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Centers for Spiritual Living

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Title: Centers for Spiritual Living  
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Subject: History of New Thought, Religious Science, Spirituality, Jewish Science, Emma Curtis Hopkins
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Centers for Spiritual Living

Centers for Spiritual Living
Classification Religious Science
Orientation New Thought
Associations Affiliated New Thought Network, International New Thought Alliance
Origin 1949
Los Angeles, California
Separated from Religious Science International
Merge of 2011
Congregations 400
Official website

The Centers for Spiritual Living, or CSL, is a religious denomination promoting Religious Science that was founded by Ernest Holmes in 1949. Before 2011, it was two organizations known as United Centers for Spiritual Living (formally, United Church of Religious Science) and International Centers for Spiritual Living (formally, Religious Science International).


Logo, with blue radiating lines and
Former United Centers for Spiritual Living logo

Holmes and his brother [1][2][3][4] In the 1950s it split into two organizations that were originally called the United Church of Religious Science and Religious Science International.


The International Centers for Spiritual Living and United Centers for Spiritual Living reunited in 2011 after more than 50 years apart. After an eight-year process, the two organizations used a shared leadership model including nearly 400 volunteers.[5] As of 2011, the organization has over 400 churches across North America.

In 2012 the newly merged Centers for Spiritual Living, elected Dr. Kenn Gordon as its first Spiritual Leader, having served in numerous capacities on the board of directors, including President of the former International Centers for Spiritual Living since 1999. In 2005 he was named Minister of the Year and received his Doctorate of Humanities. Dr. Kenn, along with wife Dr. Deborah Gordon, pastors the Centre for Spiritual Living Kelowna.

Statement of Beliefs

Part of a series of articles on
New Thought

Holmes originally authored the organization's primary statement in his 1927 book, The Science of Mind. It has been adapted as the organization's statement called, "What We Believe".[6][7]


In addition to hundreds of local centers on the world, the Centers for Spiritual Living have several major activities. They include operating the World Ministry of Prayer, publishing the Science of Mind magazine and Creative Thought magazine, and operating the Holmes Institute. The magazine started its publication in 1927, and the Institute was opened in 1972.[8] The Holmes Institute is accredited by the Distance Education and Training Council and is a member of the Council for Higher Education Accreditation. It provides a Master's Degree program whose mission is to prepare spiritual leaders for service in the global community.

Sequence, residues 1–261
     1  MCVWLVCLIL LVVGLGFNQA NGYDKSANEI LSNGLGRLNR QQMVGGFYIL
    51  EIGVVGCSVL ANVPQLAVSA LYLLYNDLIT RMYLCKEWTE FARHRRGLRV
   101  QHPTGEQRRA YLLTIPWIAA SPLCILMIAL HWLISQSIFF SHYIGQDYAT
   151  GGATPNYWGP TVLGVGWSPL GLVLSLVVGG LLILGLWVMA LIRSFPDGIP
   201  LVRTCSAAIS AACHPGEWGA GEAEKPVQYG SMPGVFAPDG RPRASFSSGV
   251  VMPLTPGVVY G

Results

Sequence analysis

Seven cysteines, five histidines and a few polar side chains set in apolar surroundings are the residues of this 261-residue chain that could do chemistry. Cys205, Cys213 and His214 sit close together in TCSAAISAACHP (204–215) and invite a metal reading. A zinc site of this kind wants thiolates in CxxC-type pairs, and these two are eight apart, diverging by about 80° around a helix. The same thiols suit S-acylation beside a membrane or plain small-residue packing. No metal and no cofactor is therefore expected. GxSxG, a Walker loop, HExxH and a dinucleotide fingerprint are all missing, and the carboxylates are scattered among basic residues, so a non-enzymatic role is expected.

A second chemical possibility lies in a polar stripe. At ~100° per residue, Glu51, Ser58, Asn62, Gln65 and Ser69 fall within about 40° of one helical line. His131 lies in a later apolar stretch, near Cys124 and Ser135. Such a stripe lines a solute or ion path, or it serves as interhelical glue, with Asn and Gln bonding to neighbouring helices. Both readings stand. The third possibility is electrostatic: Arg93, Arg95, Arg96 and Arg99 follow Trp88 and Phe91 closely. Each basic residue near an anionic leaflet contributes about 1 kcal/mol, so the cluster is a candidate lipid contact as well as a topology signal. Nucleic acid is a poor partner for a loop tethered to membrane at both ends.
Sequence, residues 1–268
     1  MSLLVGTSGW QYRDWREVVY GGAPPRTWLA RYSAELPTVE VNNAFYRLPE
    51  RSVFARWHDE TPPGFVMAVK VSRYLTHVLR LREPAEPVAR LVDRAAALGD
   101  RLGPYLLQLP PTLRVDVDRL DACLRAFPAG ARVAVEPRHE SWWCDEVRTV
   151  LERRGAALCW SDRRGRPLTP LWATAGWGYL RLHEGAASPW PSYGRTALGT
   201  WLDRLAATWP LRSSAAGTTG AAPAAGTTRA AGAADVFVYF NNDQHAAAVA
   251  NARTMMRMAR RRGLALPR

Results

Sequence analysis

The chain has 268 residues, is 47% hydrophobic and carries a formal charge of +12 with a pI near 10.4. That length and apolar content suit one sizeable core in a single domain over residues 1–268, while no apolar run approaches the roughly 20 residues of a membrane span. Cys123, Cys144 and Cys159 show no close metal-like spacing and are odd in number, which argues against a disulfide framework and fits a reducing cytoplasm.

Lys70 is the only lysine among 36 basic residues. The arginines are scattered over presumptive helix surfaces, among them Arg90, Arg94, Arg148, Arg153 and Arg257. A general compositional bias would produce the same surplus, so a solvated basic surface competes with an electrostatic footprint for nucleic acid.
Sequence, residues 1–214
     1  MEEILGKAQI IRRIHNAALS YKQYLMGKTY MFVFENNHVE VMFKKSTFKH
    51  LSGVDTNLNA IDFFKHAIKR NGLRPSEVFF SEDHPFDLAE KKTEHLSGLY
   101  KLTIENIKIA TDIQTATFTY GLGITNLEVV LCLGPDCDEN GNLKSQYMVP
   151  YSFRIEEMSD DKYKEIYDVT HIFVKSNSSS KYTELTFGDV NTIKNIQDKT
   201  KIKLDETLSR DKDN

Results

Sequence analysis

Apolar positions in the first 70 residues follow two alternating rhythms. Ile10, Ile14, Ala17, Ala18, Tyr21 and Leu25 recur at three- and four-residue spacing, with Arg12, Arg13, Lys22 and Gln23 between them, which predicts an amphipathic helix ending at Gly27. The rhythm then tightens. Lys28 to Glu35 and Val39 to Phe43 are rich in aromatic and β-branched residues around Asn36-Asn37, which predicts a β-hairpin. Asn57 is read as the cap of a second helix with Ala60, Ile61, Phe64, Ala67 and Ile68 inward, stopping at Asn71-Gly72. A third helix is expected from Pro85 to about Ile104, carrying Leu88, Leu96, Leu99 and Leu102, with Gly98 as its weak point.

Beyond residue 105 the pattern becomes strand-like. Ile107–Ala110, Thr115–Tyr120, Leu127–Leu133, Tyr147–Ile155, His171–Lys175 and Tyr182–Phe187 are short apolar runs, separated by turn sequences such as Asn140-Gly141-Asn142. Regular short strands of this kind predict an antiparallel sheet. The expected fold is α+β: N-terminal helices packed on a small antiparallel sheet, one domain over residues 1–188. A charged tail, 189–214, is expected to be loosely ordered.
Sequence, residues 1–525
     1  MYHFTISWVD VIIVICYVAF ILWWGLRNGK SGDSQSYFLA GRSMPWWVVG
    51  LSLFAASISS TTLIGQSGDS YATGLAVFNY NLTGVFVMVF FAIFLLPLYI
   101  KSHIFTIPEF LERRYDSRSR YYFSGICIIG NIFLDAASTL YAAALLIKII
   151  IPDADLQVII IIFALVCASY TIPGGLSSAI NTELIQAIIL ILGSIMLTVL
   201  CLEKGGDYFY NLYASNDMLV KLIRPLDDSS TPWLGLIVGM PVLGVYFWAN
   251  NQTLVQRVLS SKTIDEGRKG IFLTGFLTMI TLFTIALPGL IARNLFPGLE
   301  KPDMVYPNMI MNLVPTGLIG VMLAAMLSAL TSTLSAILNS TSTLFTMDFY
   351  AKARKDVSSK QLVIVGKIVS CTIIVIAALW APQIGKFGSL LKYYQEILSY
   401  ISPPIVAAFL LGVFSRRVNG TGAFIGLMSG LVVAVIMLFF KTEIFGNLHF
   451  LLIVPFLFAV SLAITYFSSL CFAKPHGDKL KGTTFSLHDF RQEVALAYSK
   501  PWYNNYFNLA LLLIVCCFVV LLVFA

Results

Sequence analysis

There are thousands of Religious Science Practitioners (RScP) around the world today. According to Vorensky and Carr, a RScP is, "A trained counselor who listens to concerns and offers loving prayers in accordance to the principles of Science of Mind. Practitioners honor each person from a holistic viewpoint and acknowledge their basic loving nature."[9]

Notable members


  1. ^ "Religious Science", Encyclopædia Britannica. Retrieved May 27, 2011.
  2. ^ "20th Century Renaissance Heroes: Ernest Holmes", Truth Book. Retrieved 5/23/2011.
  3. ^ Goldberg, P. (2010) American Veda: From Emerson and the Beatles to Yoga and Meditation How Indian Spirituality Changed the West. Random House Digital, Inc. p. 98.
  4. ^ "RSI now International Centers for Spiritual Living", Visioning Bridge Weblog. Retrieved May 27, 2011.
  5. ^ (March 10, 2011) Press Release: "Denomination Bucks Trend, Reunites After 57 Years", Dallas Center for Spiritual Living. Retrieved May 27, 2011.
  6. ^ Holmes, E. "What We Believe", United Centers for Spiritual Living. Retrieved May 27, 2011.
  7. ^ Melton, J.G. (1988). The Encyclopedia of American religions, religious creeds. Gale Research Co. p 692.
  8. ^ "Holmes Institute History", United Centers for Spiritual Living. Retrieved 6/2/11.
  9. ^ Vorensky, J. and Carr, K. (2001) I Dare to Heal: With Compassionate Love. Life's Breath Publications and Xlibris. p 155.

External links

  • The Centers for Spiritual Living (CSL)
  • Centers for Spiritual Living 2 (Formerly United Church of Religious Science)
  • Affiliated New Thought Network (ANTN)
  • Global Religious Science Ministries (GRSM)
  • Center For Spiritual Living Los Angeles
  • Spiritual Living Center of Atlanta
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